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 The leading web portal for pharmacy resources, news, education and careers October 22, 2017
Pharmacy Choice - Arthritis Disease State Management - October 22, 2017

Arthritis Disease State Management

Oh My Aching Joints . . .
by Alan P. Agins, PhD
President - PRN Associates, Ltd. - Continuing Medical Education

Did you know that arthritis is the most common cause of disability in the United States with close to 30 million individuals suffering from one form or another of this disease. It is estimated that the total cost of arthritis cases is close to $100 billion annually and each year, arthritis results in nearly one million hospitalizations and close to 45 million outpatient visits to health care centers.

The term Arthritis derives from the Greek arthro ( joint) and itis ( inflammation). But it is not a solitary disease. In fact, there are actually many different forms of arthritis. Most people are familiar with the two most common forms, osteoarthritis and rheumatoid arthritis, but there are also septic arthritis, juvenile (idiopathic) arthritis, Still's disease, ankylosing spondylitis and others that occur secondary to certain diseases like psoriasis. Even gout and pseudo-gout are considered arthritis.

While both osteo and rheumatoid arthritis are associated with joint destruction, inflammation and pain, there are substantial differences between these two forms of the disease. Osteoarthritis (OA) is far more common, affecting nearly 27 million Americans while Rheumatoid Arthritis (RA) affects between 1- 2 million.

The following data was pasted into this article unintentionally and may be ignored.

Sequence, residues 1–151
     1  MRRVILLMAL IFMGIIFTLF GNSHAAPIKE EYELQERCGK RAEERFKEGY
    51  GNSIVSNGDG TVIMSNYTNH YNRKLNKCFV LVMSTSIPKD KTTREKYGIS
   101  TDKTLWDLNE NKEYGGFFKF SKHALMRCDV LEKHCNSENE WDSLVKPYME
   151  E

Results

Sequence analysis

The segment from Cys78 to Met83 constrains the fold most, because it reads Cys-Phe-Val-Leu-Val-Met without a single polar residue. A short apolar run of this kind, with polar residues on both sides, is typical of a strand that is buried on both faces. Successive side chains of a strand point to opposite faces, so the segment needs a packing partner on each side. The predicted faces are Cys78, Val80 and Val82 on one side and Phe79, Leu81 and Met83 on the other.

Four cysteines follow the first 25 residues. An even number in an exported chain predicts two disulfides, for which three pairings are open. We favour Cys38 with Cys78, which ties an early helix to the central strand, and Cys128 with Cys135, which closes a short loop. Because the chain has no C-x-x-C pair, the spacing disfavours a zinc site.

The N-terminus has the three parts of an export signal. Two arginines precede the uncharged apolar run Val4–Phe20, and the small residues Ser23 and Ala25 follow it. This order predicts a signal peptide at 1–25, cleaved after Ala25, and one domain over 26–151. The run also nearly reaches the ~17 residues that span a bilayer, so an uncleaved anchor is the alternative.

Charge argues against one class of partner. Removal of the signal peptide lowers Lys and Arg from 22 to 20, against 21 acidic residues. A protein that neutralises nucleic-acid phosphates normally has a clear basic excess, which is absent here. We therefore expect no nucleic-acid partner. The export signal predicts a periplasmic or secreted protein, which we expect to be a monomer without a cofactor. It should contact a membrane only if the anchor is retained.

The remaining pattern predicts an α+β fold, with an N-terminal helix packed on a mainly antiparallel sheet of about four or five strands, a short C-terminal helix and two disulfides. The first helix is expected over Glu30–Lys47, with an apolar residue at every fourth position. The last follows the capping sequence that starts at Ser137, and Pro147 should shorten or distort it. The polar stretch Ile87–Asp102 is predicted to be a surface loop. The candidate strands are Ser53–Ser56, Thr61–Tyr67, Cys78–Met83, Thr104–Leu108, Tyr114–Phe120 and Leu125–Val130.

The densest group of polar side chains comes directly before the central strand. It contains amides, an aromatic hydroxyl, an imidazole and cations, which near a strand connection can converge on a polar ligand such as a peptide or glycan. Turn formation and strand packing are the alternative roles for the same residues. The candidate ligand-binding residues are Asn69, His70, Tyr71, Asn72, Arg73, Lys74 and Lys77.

OA is considered a degenerative joint disease, primarily resulting from trauma to the joint or just plain aging. In fact, in demographic studies, "age" is the most consistently identified risk factor for OA. While it can begin to affect some people in their 40's and 50's, it is still predominantly a disease of the elderly and tends to affects the bigger, weight bearing joints like the back, upper and lower spine, knees, feet and pelvis. It can affect a single joint or multiple joints, is often asymmetrical in location and affects both genders equally.

On the other hand, RA is an autoimmune disease where joint destruction is due to the immune system attacking the joint. Furthermore, RA is really a systemic disease and can often affect other organs in the body. Although rheumatoid arthritis may present at any age, patients most commonly are first affected in their 20's and 30's. Interestingly, the incidence of rheumatoid arthritis is two to three times greater in women than in men. In contrast to the common sites for OA, Rheumatoid arthritis more commonly affects joints in the fingers, wrists, knees and elbows, is symmetrical in nature and more frequently leads to severe deformity in a few years.